English edit

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Alternative forms edit

Etymology edit

From Late Middle English together, from earlier togedere, togadere, from Old English tōgædere (together), from Proto-West Germanic *tōgadura, *tegadura, from Proto-Germanic *tō (to) + *gadar (together), from Proto-Indo-European *gʰedʰ- (to unite, keep), equivalent to to-2 +‎ gather. Cognate with Scots thegither (together), Old Frisian togadera (whence West Frisian togearre (together)), Dutch tegader (together), Middle Low German tōgāder (together), Middle High German zegater (together). Compare also Old English ætgædere (together), Old English ġeador (together). More at gather.

Pronunciation edit

  • (UK) IPA(key): /tʊˈɡɛð.ə(ɹ)/, /təˈɡɛð.ə(ɹ)/
  • (file)
  • (US) IPA(key): /tʊˈɡɛðɚ/, /təˈɡɛðɚ/
  • (file)
  • Rhymes: -ɛðə(ɹ)
  • Hyphenation: to‧geth‧er

Adverb edit

together (not comparable)

  1. At the same time, in the same place; in close association or proximity.
    We went to school together.
  2. Into one place; into a single thing; combined.
    He put all the parts together.
    • a1420, The British Museum Additional MS, 12,056, “Wounds complicated by the Dislocation of a Bone”, in Robert von Fleischhacker, editor, Lanfranc's "Science of cirurgie."[2], London: K. Paul, Trench, Trübner & Co, translation of original by Lanfranc of Milan, published 1894, →ISBN, page 63:
      Ne take noon hede to brynge togidere þe parties of þe boon þat is to-broken or dislocate, til viij. daies ben goon in þe wyntir, & v. in þe somer; for þanne it schal make quytture, and be sikir from swellynge; & þanne brynge togidere þe brynkis eiþer þe disiuncture after þe techynge þat schal be seid in þe chapitle of algebra.
    • 1897 December (indicated as 1898), Winston Churchill, chapter II, in The Celebrity: An Episode, New York, N.Y.: The Macmillan Company; London: Macmillan & Co., Ltd., →OCLC:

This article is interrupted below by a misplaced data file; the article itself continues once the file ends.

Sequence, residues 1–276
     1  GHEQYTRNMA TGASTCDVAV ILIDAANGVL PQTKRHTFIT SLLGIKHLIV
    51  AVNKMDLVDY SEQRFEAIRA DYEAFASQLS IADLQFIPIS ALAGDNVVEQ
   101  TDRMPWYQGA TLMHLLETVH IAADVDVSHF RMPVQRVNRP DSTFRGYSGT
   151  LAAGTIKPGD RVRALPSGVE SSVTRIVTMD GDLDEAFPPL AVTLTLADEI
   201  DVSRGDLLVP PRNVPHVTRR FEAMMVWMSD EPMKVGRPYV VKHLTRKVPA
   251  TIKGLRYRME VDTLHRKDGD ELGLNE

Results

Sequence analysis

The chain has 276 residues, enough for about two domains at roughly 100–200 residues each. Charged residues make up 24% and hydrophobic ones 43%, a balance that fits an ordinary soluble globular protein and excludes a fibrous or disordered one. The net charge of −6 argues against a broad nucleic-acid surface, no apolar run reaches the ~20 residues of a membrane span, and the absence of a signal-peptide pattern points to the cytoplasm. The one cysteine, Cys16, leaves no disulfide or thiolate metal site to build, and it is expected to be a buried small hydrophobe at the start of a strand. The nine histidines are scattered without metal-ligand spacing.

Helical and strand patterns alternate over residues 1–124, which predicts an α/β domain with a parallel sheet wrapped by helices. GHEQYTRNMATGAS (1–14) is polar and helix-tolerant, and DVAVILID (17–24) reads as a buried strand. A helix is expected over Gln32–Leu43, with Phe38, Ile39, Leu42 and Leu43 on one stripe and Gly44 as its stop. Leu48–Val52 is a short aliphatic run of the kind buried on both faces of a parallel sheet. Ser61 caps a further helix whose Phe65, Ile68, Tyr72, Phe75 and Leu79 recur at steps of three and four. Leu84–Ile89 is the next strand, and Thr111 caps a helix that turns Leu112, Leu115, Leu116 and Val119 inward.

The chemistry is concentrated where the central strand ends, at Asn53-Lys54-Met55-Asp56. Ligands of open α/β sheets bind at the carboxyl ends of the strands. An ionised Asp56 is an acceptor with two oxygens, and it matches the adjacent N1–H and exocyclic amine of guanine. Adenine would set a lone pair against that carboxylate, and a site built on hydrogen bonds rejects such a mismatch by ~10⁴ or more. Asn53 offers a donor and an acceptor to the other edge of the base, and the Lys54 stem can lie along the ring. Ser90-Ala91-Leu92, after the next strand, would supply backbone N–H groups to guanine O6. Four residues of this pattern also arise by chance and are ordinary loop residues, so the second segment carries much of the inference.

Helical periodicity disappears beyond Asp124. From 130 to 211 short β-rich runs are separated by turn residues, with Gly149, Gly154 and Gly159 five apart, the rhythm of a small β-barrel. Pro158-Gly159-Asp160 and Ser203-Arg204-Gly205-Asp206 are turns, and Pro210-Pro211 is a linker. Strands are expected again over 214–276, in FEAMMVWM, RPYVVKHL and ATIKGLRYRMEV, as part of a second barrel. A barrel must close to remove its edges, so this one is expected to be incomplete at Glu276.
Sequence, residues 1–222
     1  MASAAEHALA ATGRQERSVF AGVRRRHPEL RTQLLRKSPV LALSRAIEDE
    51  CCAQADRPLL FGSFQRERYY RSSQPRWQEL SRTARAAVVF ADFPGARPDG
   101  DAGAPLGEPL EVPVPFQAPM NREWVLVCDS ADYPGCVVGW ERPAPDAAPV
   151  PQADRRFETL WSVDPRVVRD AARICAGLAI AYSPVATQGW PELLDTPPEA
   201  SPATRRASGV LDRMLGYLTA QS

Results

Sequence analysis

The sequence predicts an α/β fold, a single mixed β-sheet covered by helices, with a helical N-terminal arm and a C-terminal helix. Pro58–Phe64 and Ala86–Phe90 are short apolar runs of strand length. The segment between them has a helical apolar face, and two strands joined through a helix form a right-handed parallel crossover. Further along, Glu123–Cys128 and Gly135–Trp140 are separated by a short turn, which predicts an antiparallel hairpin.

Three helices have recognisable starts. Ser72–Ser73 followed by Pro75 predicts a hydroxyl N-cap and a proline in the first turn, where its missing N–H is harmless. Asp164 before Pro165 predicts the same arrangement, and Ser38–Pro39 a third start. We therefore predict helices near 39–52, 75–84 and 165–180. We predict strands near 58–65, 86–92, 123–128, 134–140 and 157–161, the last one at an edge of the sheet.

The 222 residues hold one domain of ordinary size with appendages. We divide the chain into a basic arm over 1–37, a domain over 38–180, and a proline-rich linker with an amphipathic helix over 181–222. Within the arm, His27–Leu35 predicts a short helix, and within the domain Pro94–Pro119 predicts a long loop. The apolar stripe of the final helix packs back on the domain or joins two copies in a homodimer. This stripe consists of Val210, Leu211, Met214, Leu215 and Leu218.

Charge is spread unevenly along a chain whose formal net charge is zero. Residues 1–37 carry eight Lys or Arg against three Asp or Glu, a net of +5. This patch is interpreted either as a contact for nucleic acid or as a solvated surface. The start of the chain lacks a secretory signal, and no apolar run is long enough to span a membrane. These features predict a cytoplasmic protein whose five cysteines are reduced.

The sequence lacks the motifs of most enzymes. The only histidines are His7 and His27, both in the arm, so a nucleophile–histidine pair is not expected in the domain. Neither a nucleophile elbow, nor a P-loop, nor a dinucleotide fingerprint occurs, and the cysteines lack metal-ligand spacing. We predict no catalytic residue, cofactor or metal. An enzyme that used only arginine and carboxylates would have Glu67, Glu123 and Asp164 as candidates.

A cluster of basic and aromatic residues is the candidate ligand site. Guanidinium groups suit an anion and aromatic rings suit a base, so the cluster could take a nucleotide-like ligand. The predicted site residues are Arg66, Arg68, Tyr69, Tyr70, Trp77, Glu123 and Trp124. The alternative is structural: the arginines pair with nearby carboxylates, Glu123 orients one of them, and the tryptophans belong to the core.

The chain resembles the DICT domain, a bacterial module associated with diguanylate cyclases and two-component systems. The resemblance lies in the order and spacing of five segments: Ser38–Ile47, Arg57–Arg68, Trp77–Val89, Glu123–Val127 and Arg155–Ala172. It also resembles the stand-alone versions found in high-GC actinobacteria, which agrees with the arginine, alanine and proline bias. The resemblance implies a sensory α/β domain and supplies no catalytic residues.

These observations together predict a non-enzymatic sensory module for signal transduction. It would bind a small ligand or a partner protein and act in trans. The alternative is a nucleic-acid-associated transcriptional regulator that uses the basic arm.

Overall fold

Sunning himself on the board steps, I saw for the first time Mr. Farquhar Fenelon Cooke. [] A silver snaffle on a heavy leather watch guard which connected the pockets of his corduroy waistcoat, together with a huge gold stirrup in his Ascot tie, sufficiently proclaimed his tastes.
  3. In a relationship or partnership, for example a business relationship or a romantic partnership.
    Bob and Andy went into business together.  Jenny and Mark have been together since they went on holiday to Mexico.
    • 1913, Joseph C[rosby] Lincoln, chapter I, in Mr. Pratt’s Patients, New York, N.Y., London: D[aniel] Appleton and Company, →OCLC:
      A chap named Eleazir Kendrick and I had chummed in together the summer afore and built a fish-weir and shanty at Setuckit Point, down Orham way. For a spell we done pretty well.
  4. Without intermission or interruption; continuously; uninterruptedly.
    • 1898, H.G. Wells, The War of the Worlds, London: William Heinemann, page 218:
      He would weep for hours together, and I verily believe that to the very end this spoilt child of life thought his weak tears in some way efficacious.
    It has been raining four days together

Usage notes edit

  • In an invitation, it is usually implied that the speaker is included in "together". For example,
    Would you like to go to lunch together?
is equivalent to
Would you like to go to lunch with me?

Synonyms edit

Antonyms edit

Derived terms edit

Translations edit

The translations below need to be checked and inserted above into the appropriate translation tables. See instructions at Wiktionary:Entry layout § Translations.

Adjective edit

together (comparative more together, superlative most together)

  1. (informal) Coherent; well-organized.
    Antonyms: disorganized, incoherent, untogether
    He’s really together.
    • 1991 April 19, Russell T. Hartsaw, “Personal advertisement”, in Gay Community News, page 14:
      Youthful, former fashion model & dancer needs to find a serious, together individual to call his own.

Derived terms edit

Translations edit

Middle English edit

Adverb edit


  1. Alternative form of togidere